had already offered to surrender, on the condition
                    that the Emperor be allowed to keep his position.
                    However, removing the emperor and forcing him to admit
                    his not-godhood is basically what permenantly
                    destroyed the Japanese empire.  It's kinda like what
                    would happen to the middle east if we could kick
                    Mohammed's butt and force him to admit that he isn't
                    really a prophet. There just wouldn't be much reason
                    to fight anymore.
                     \_ How long has this been up here?  This is wrong.
                        There is *still* a Japanese emporer.  The Japanese
                        had *not* offered to surrender.  After the bombs were
                        dropped, they surrendered WITH the above condition
                        (that the emprorer be allowed to keep his position).
                        Jeesh, and the guy below thinks that everyone here
                        should know why we launched D-Day. -phuqm
                        \_ You should.  It was only one of the most important
                           military and possibly non-military history events
                           in the last 100+ years.  It only formed the world
                           as we know it today.  Maybe you think who Britney
                           is dating is more important?
                        \_ Wow phuqm.  I'm really impressed you signed
                           your name to a statement showing such amazing
                           ignorance.  Offer of Japanese surrender
                           rejected: Note that it
                           mentions that the Emporer would be subject to
                           the American military commander.  The Emperor
                           surrendered UNCONDITIONALY after the A-bomb.
                           In other words, he gave up the throne.
                           MacArthur allowed him to continue as emperor,
                           but the magic was gone.  Now he was just some
                           dude. So, in conclusion, there is still
                           an emperor, but he is no longer a demi-god.
        \_ Is this a lame troll or are you just a product of the American
           edjumuhkayshunal system?
        \_ Because after spending years villifying the Germans and Japanese
           in an attempt to cajole the United States public into believing
           that WWII was a just cause, FDR became a victim of his own
           propaganda. There was just no way politically that the United
           States would have accepted less than victory over "the Hun"
           especially when it seemed so close at hand.
           \_ well said well said.  everything above is boring junk
              until this.
2021/10/24 [General] UID:1000 Activity:popular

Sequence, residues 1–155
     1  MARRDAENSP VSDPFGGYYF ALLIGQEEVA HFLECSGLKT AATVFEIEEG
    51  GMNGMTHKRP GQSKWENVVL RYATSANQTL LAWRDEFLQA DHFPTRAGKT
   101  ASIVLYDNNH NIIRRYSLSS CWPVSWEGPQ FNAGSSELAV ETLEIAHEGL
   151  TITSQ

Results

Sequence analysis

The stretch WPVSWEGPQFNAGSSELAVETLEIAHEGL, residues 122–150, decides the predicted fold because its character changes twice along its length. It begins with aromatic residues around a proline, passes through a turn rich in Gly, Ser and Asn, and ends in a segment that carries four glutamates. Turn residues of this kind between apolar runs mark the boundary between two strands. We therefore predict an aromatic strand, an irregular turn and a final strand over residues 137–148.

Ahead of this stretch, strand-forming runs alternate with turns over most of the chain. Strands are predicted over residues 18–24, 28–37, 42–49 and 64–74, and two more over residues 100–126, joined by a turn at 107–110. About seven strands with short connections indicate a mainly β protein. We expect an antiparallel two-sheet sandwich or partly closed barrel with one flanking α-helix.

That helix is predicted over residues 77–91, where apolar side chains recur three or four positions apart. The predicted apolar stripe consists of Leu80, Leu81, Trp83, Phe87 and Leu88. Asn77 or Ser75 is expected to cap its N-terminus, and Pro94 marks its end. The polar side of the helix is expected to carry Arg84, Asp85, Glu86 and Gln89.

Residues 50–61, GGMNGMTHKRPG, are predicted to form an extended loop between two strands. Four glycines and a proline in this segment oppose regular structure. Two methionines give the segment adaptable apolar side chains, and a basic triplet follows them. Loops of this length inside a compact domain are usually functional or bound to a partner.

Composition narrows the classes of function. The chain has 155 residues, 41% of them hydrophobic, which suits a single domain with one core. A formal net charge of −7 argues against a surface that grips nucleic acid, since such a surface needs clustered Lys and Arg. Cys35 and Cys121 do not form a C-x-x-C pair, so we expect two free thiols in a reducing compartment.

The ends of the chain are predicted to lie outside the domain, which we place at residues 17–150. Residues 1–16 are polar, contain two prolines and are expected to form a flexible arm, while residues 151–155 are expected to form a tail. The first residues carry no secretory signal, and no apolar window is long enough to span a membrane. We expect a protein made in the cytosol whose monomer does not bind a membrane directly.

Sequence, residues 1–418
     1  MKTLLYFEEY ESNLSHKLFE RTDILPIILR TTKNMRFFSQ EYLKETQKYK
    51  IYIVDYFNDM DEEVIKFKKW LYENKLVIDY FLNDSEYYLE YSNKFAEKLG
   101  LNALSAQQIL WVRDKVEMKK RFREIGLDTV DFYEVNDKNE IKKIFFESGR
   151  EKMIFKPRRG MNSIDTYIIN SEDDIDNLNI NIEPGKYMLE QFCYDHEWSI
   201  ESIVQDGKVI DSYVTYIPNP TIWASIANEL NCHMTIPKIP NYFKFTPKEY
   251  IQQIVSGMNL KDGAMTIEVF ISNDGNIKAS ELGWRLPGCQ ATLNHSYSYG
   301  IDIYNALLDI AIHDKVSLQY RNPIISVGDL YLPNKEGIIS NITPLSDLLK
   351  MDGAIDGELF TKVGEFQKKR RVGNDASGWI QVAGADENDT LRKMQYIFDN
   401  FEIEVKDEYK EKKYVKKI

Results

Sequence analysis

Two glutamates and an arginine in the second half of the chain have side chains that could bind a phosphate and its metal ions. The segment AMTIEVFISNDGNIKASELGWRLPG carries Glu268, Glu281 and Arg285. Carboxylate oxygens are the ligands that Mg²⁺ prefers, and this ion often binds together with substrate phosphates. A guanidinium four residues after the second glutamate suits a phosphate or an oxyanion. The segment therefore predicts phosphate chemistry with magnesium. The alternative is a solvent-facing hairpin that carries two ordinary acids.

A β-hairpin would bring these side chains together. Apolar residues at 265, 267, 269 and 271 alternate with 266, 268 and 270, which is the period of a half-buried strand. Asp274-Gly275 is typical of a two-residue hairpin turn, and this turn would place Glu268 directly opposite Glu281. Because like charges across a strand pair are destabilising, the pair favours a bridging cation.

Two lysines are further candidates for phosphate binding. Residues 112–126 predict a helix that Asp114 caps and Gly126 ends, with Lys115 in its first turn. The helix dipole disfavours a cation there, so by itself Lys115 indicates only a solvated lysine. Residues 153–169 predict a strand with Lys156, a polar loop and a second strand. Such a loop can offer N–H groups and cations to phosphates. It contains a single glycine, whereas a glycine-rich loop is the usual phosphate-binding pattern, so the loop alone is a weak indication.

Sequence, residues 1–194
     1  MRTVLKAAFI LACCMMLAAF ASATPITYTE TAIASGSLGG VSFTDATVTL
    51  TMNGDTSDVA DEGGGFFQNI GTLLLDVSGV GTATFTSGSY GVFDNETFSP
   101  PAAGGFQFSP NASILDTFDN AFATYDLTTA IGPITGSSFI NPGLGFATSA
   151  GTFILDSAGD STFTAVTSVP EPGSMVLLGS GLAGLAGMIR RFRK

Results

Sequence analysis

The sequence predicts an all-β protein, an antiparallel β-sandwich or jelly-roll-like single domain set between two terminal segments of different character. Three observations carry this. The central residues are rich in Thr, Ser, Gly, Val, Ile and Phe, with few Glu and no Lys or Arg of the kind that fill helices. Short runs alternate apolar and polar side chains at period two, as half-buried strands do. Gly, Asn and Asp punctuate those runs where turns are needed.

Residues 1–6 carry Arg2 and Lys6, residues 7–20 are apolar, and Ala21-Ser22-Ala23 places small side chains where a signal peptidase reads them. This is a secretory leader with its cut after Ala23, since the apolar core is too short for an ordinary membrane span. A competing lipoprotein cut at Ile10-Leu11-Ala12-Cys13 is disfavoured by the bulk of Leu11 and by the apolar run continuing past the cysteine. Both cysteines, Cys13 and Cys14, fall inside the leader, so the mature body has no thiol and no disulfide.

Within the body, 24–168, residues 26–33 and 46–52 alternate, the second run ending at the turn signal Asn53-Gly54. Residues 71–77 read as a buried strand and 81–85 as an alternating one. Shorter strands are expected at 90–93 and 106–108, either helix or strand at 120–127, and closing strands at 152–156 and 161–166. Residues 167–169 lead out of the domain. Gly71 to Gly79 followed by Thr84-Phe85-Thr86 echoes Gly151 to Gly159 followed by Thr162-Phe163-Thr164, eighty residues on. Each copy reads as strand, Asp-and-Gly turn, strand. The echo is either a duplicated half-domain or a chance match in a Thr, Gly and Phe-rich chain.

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Bibliography In August 1945, the Japanese situation was desperate. The major cities were devastated by atomic or conventional attack, and the casualties numbered in the millions. Millions more were refugees, and the average daily calorie consumption was below 1200. The fleet was lost, and the merchant shipping could not leave home waters or sail from the few possessions still held. Oil stocks were gone, rubber and steel were in short supply, and the Soviets were moving against the only sizable forces the Japanese had left, the Kwantung Army in Manchuria. Many divisions had transferred to the Pacific, where they died in the island battles. Incredibly, many in the military wanted to fight on, preferring death to capitulation. The cabinet, made up of elder statesmen, tried to send out peace feelers through neutral Sweden, Soviet Union, and Switzerland as early as June 1945. The only condition was the continued existence of the of Imperial Throne. Unwilling or unclear of the Japanese offer, the Allies refused and issued the Potsdam Declaration on July 26^th. The Army members of the cabinet were not willing to give up, and Prime Minister Suzuki had to move carefully. If there was a perceived weakness in the cabinet, even the Emperor might be assassinated. The idea that the Emperor would support surrender was inconceivable to many in both the Army and the Navy. Suzuki cautiously sought out others on the cabinet, finding all but two generals in support. On July 28, the government issued a carefully worded response to the Potsdam Declaration, which unfortunately used a word with a double meaning. English-language broadcasts used the word "ignore" and the Western press picked up that sentiment. Truman announced he had rejected the peace offer and dropped the atomic bombs. The Emperor ordered a surrender document be sent accepting the Potsdam declaration. Through Swiss channels, it was sent to the United States, but it added that the Emperor must be left on the Imperial Throne. The Allies replied that the Emperor would be subject to the Allied Occupation Commander. While the cabinet debated, the Emperor secretly recorded a surrender broadcast. Imperial Guardsmen searched government offices in vain to seize the record. Using formal Japanese, the public was unsure if the Emperor was surrendering or exhorting his subjects to continued resistance. The announcer assured the Japanese public that the war was over. An abortive attempt that night by Army and Navy right-wing officers to take the Emperor hostage and continue the war was stopped. Truman accepted the surrender, and announced that the war was over on August 15^th. Wild celebrations occurred in every Allied capital and most cities. US Army General Douglas C MacArthur arrived at Atsugi Airfield that day. His staff, lightly armed with pistols, wondered if they would meet a firing squad. As they arrived, thousands of Japanese civilians surrounded the plane and gave him a warm welcome. On September 2^nd, 1945, a huge force of Allied ships gathered in Tokyo Bay. Aboard the battleship USS Missouri, the Japanese signed the formal surrender document, watched by thousands of Allied representatives and the crew. MacArthur presided over the signing, accompanied by his former subordinate General Wainwright, who had been a POW since 1942. The Japanese Imperial Forces began surrendering in massed formations over the next six weeks. By October 7, 1945, when 1,000,000 Japanese Army soldiers were surrendered in Peking, many Japanese soldiers were being sent home.